By KATHRYN HIGGINS
A new change in maternity leave policy gives employees of the Dallas County Community College District four weeks off work instead of one day for the birth or adoption of a child.
The Board of Trustees unanimously approved the change during its Sept. 5 meeting.
Under the previous policy, employees were allowed a single day of leave. Any time after would need to come from their accumulated sick days and vacation time.
Dusty Reasons Thomas, a professor of theater and a mother of two, is excited about the change in policy but thinks it would be better if it were six to eight weeks.
“Faculty has it easier than staff because we’re on a nine-month contract,” Thomas said. “But staff works 12 months out of the year, so they would have to plan to have their baby during spring break or Christmas break and that’s really hard.”
This new policy allows DCCCD employees to take the paid parental leave after 36 months of employment and will be eligible again every 36 months.
“I think this is a long time coming,” Thomas said. “My second daughter, she happened a little earlier than we planned, so I had to plan my class schedule and my work schedule and use up all my sick leave.”
This benefit extends to both mothers and fathers.
“We’re recommending this as a way to continue to build our reputation as a family-friendly employer,” said Susan Hall, DCCCD chief talent officer. Adoption and foster-care placement will also be covered. The policy allows adopting parents to take maternity leave when an adoption is official and a child is now living with the family.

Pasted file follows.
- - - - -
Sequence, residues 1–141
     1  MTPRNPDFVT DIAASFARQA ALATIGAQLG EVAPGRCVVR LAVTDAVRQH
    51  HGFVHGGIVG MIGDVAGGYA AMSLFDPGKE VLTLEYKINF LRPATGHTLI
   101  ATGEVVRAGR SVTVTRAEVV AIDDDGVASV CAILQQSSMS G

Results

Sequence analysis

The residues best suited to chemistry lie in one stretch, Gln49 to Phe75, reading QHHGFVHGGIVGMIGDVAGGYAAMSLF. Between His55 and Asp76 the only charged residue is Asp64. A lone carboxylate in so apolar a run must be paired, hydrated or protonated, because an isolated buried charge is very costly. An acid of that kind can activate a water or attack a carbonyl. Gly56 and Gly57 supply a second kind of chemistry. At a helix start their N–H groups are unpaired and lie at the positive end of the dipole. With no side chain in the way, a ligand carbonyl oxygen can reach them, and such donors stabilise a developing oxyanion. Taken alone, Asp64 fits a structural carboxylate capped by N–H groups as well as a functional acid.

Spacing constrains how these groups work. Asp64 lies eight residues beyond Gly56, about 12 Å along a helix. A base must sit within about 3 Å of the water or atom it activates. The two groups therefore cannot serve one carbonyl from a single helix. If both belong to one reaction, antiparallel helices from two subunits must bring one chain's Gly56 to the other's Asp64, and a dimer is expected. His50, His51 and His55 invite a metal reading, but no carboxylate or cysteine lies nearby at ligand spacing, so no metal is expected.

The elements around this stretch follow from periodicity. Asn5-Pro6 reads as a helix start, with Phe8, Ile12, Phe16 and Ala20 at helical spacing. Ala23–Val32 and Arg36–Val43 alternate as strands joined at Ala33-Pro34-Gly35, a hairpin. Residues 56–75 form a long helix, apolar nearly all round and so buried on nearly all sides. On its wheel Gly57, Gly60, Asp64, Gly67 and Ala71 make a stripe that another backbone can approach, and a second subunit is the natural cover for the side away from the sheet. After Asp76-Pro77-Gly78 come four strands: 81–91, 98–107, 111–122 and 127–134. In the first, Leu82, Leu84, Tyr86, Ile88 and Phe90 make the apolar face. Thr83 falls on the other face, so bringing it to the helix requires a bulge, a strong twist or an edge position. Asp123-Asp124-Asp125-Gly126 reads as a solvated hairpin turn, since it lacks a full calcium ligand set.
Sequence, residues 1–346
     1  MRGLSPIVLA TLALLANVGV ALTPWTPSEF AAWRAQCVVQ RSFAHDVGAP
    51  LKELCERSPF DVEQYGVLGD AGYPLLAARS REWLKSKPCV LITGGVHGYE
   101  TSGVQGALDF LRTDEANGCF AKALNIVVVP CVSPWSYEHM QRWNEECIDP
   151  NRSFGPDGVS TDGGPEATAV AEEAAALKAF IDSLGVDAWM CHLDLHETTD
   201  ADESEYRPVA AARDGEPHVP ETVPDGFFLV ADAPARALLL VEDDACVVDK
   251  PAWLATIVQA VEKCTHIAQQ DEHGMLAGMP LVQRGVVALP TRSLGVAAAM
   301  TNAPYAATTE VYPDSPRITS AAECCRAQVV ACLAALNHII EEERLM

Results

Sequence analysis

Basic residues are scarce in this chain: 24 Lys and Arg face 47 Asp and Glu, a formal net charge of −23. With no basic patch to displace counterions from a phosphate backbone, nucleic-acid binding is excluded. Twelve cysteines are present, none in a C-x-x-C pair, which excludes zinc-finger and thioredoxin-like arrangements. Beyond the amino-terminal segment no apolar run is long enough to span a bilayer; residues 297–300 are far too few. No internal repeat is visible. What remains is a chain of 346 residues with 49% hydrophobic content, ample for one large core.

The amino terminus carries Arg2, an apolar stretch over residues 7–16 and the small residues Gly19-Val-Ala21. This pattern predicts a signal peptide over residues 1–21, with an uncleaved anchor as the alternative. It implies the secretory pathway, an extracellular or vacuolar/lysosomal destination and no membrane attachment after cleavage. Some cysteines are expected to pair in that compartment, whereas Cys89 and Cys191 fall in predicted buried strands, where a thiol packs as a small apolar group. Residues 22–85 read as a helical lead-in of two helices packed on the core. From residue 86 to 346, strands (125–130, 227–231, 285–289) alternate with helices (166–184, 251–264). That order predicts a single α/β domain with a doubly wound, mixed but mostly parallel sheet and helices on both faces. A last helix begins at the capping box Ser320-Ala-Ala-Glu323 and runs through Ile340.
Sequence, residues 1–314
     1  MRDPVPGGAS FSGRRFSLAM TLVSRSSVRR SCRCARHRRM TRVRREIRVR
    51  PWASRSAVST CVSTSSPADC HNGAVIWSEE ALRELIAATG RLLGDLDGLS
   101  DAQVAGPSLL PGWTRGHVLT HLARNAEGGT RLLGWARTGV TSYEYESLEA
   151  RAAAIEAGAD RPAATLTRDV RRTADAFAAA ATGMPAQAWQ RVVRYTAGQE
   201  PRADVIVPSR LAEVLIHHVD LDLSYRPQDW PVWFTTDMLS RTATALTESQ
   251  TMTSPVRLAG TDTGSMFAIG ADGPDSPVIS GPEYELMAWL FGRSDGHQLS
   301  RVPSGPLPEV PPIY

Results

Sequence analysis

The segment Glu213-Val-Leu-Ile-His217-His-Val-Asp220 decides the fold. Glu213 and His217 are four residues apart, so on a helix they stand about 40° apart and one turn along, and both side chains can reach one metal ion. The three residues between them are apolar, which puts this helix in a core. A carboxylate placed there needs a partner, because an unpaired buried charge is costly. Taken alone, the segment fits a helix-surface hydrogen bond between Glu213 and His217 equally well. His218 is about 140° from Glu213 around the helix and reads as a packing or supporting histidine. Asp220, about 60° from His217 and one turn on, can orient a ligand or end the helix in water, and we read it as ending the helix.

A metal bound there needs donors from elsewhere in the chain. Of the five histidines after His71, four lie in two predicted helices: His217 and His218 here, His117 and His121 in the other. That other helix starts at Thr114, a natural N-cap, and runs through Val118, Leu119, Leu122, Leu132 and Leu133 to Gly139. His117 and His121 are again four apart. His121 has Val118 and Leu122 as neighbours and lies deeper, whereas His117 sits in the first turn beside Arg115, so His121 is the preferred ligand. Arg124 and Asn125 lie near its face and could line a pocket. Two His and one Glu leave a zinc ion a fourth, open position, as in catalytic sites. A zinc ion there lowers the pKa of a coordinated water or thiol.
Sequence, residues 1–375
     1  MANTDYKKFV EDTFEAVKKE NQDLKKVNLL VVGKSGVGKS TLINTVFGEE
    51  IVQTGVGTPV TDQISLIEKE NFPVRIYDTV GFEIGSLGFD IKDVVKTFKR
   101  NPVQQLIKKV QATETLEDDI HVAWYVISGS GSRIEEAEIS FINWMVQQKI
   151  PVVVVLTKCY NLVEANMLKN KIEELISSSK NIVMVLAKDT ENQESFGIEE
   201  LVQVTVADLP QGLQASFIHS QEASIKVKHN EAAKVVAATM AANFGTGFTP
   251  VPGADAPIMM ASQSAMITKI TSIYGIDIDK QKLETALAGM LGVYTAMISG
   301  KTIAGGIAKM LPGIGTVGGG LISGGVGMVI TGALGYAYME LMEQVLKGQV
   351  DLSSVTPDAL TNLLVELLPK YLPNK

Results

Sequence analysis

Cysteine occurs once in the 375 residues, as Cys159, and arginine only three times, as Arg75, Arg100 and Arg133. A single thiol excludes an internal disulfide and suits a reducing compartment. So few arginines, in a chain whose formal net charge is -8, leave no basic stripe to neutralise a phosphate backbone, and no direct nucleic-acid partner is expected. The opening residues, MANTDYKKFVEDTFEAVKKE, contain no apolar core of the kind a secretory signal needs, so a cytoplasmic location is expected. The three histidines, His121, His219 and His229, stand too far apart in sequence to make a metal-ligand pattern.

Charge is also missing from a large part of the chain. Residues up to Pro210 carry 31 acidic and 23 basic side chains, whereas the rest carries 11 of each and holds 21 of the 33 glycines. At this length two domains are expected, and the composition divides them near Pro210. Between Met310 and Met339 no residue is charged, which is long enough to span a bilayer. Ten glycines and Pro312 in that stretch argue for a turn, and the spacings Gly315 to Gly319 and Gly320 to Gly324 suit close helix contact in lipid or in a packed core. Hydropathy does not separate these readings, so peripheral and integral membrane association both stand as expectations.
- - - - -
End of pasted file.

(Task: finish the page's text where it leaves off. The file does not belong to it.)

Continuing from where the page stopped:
“Adoption processes, especially a foreign adoption, could take many, many months,” said Rob Wendland, DCCCD general counsel.
Most colleges in Texas either offer one day of maternity leave or no maternity leave at all.
“The policy reads that … leave can only be taken once in a 36 month period, and theoretically you could have three kids in a 36 month period,” Trustee Joseph Ritter asked. “Is that too restrictive?”
Hall said the important thing was to pass the policy now, taking a step in the right direction.
“We can look after the first year, and certainly after the second year and know better,” Hall said.
The board also voted on a policy change related to weapons on campus. The policy, in response to open sword carry law that went into effect Sept. 1, still only allows for blades 5.5 inches on campus.
—Macks Prewitt contributed to this report.